ASSOCIATE EDITOR ZHI JIAO DANIELLE GOH WRITES — Just last week, Chinese Sukhoi-30 advanced fighter jets briefly entered Taiwan’s airspace. It happened as Taiwan announced that its largest annual live-fire drill would be held next month.
At the same time, news about British ministers considering plans to support Taiwan were being reported. Evidently, the UK has been backing Taiwan’s participation in Interpol as an observer, even when China criticized Taiwan’s intention.
Yet in 2015, when Chinese President Xi Jinping visited the UK, the UK media declared a “new golden era” of closer economic ties with China. In the chaos of Brexit, Britain was also seen to move closer to China to expand Chinese trade and balance the adverse impact of leaving the European Union (EU). Fast forward to the end of last year, and it appears that the UK was still willing to defy Washington on an important issue: Huawei, a Chinese tech giant, which has been accused by the U.S. of spying for the Chinese government, thus presenting a threat to national security.
What caused the UK to renege on its promise and abandon the prospect of closer ties between London and Beijing?
The impact of the coronavirus lockdown definitely played a huge role. Anger towards China is growing in the UK over the Chinese government’s initial disinformation campaign on the pandemic. The Hong Kong protest over the new security law added to increasing tension between the two countries as China vowed to strike back if UK stepped over the line.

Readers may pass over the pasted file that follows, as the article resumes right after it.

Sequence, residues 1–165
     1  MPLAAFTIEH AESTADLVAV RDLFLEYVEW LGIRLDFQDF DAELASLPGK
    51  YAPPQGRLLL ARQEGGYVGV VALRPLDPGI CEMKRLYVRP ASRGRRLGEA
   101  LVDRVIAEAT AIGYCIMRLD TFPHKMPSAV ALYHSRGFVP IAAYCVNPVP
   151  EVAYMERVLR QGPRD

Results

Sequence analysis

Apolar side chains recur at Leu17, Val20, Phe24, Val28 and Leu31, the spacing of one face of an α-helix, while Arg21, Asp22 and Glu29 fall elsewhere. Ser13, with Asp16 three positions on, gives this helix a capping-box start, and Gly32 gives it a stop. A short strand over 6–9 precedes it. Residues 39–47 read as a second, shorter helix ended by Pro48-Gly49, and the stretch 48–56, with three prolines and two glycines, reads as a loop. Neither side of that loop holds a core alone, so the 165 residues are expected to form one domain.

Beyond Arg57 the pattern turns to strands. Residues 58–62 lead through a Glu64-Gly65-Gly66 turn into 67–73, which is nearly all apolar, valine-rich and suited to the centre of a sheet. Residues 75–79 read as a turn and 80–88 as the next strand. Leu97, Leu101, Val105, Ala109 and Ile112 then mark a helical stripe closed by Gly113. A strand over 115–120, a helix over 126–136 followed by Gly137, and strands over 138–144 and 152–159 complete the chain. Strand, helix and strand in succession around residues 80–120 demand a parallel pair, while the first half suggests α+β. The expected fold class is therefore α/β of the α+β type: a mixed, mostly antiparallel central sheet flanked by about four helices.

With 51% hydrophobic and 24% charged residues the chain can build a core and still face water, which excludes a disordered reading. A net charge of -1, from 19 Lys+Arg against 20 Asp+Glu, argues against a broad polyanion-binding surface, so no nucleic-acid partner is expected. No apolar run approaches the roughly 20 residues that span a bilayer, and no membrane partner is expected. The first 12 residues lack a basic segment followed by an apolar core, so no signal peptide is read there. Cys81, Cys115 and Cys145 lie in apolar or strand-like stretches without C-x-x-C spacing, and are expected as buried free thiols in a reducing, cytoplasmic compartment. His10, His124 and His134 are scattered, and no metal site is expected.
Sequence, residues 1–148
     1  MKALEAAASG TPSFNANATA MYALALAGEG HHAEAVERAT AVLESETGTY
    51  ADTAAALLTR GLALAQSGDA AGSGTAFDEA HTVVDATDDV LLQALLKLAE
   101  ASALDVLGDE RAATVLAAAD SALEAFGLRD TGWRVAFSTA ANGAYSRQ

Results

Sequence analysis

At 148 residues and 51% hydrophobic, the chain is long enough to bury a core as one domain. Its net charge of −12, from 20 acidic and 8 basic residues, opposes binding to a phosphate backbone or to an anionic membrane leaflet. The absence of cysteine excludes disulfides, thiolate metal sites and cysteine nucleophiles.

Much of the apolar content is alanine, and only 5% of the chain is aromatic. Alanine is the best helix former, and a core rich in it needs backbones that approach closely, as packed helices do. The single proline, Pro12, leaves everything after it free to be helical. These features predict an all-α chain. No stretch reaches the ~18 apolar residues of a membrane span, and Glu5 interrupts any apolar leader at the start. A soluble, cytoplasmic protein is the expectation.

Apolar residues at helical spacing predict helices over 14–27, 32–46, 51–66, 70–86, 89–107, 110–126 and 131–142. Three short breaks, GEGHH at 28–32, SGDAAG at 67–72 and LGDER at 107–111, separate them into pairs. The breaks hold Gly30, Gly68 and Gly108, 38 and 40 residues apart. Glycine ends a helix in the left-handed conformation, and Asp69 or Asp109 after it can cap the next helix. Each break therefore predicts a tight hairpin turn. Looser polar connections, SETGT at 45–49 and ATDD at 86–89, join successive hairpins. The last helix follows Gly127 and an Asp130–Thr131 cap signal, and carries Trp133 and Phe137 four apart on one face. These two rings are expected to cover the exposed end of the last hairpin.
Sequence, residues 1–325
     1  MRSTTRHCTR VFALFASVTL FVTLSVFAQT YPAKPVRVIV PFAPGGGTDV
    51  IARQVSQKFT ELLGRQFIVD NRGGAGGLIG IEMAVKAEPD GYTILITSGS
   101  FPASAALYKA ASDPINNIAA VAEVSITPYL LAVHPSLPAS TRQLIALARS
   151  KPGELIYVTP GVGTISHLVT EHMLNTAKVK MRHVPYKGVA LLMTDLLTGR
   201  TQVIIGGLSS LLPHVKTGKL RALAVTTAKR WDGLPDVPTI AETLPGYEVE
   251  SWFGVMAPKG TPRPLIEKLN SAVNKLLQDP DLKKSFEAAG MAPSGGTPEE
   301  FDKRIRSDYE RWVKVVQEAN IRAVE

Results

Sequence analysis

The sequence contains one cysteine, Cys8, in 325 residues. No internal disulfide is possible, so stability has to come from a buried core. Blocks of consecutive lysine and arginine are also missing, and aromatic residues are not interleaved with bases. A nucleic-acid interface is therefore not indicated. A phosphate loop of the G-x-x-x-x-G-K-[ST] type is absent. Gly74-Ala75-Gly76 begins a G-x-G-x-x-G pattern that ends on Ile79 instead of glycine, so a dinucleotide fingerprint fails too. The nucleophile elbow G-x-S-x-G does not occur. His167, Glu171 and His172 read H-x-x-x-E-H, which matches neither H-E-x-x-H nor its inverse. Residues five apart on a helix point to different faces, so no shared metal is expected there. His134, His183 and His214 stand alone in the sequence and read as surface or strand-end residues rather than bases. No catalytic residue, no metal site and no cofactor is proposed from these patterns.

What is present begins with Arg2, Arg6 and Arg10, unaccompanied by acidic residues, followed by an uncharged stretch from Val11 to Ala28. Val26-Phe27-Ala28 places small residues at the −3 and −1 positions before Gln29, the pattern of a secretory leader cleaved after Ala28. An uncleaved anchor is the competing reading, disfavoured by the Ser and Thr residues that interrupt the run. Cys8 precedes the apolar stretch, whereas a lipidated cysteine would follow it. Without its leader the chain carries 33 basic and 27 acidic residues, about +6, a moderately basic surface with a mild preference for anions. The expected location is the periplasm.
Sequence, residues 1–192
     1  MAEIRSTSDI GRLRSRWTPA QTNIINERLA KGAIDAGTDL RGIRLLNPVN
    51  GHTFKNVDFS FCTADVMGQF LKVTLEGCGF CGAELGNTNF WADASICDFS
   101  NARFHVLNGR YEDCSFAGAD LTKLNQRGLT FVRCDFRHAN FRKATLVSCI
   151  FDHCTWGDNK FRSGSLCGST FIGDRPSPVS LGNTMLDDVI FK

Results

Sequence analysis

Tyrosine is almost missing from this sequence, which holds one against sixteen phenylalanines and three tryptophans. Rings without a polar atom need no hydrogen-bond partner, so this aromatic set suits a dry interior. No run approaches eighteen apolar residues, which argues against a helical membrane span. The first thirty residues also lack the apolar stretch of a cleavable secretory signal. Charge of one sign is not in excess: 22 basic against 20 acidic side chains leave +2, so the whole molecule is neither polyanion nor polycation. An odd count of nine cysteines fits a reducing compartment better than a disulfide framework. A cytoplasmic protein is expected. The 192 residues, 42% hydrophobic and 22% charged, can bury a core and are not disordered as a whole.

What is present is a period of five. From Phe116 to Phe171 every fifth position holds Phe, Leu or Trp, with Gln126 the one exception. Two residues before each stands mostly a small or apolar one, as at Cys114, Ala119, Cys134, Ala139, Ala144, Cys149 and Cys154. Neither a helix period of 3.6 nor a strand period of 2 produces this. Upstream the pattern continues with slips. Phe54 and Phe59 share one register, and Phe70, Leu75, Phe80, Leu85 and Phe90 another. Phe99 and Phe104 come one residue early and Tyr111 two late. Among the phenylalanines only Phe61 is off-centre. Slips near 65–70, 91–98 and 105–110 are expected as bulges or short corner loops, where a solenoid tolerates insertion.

The UK’s Johnson administration has since changed its policy, instructing officials to cut Huawei’s share of the UK’s 5G network by 2023. Additionally, it is laying out “a route to citizenship” for Hong Kong citizens with British National (Overseas) passports (BNO) if Beijing passes the new security law.
The newly negative looming relationship between the UK and China is a reaction to a range of recent events and hopefully won’t last long. The UK remained the second largest recipient of Chinese FDI by volume in 2019. Britain’s economy has been predicted to slump by 11.5% due to the effects of lockdown. Tourism and related services continue to be important sectors of the economy. Any boycott by the Chinese would further deteriorate the economic recovery in a post-Brexit world.
As former Prime Minister of Great Britain Benjamin Disraeli once famously said, “Britain has no permanent friends, no permanent enemies, only permanent interests.” The damage already done to the bilateral relationship is reversible. There is a need for better coordination in order to roll out realistic policies and find a better balance between business and finance, politics and security. Meddling in China’s affairs could lead the UK down an even more populist road, which would harm its strategy to transition out of the EU successfully.